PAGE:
“I didn’t think I was ever going to get out”
PROVIDENCE, Rhode Island – April Metts is handling the interview well until I ask about her experiences out on the street.
Metts, 39, has been in affordable housing for two and a half years and had just told us that she is very happy where she is and “can never go back to being homeless again.”
But when I ask about what homelessness was like for her when she was out on the streets for two years. within moments she breaks down.
“I was so hopeless, so afraid,” Metts said, her voice faltering. “I didn’t think I was ever going to get out.”
Her lip quivers and she is rendered speechless as she tries to wipe away the tears that are running faster than she can mop them up. The wound that I have reopened is simply too raw, too painful for her to bear.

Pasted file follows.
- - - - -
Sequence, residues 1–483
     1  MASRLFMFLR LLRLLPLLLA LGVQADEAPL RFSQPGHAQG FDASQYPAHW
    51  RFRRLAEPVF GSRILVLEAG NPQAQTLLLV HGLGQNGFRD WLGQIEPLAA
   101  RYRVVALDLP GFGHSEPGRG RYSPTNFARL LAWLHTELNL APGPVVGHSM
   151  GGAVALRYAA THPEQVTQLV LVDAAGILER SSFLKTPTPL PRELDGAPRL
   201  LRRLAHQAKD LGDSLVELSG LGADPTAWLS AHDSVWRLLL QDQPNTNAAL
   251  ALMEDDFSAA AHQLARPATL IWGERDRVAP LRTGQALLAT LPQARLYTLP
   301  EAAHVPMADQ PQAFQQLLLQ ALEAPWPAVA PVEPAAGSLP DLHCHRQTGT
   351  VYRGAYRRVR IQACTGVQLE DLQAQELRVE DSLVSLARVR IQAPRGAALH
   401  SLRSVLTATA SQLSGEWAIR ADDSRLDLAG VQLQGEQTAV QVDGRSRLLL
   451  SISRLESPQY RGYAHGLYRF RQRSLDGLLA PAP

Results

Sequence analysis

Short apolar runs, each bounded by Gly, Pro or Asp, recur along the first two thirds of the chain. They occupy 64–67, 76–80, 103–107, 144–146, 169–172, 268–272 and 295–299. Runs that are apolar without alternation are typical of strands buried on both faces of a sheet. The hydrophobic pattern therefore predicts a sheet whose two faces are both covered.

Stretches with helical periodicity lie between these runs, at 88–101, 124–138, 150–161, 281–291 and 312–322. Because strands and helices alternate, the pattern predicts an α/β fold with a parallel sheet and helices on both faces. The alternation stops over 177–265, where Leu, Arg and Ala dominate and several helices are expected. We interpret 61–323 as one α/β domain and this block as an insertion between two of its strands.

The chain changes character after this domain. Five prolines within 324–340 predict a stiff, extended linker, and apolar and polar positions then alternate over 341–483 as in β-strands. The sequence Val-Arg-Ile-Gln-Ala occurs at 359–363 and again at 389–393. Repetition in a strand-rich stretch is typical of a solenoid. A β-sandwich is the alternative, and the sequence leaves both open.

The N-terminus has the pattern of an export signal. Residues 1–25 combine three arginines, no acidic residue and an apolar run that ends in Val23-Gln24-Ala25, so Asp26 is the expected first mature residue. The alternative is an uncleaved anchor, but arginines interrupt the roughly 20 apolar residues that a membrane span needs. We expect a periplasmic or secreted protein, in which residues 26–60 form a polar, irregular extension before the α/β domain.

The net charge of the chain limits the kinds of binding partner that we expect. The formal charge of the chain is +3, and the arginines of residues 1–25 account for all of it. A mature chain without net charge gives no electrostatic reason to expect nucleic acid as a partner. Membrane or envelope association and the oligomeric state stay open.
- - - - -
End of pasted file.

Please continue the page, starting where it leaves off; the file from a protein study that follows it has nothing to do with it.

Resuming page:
“I’m sorry,” she apologizes, though it is entirely my fault. “I’m sorry. I just can’t go back there.”
When Metts regains her composure, she says that the apartment she got through affordable housing program Housing First has changed her life.
“I feel lucky to have this opportunity,” she said. “Now I want a better job with a 401(k). If I can get this far I can go further.”
Metts has a job at a coffee shop, but has just had her weekly hours cut to 20 from 32. Under the Housing First program, a third of her income goes toward to rent and her rent has been cut in line with her wages.
“I need to find a better job,” she said. “But I’m going to stick with this one until I do.”
In the meantime, she loves having a place to call her own, which she shares with her two-year-old son Jamar.
“I like it because it’s mine and no one can tell me what to do, when to go to bed or when to leave,” Metts said.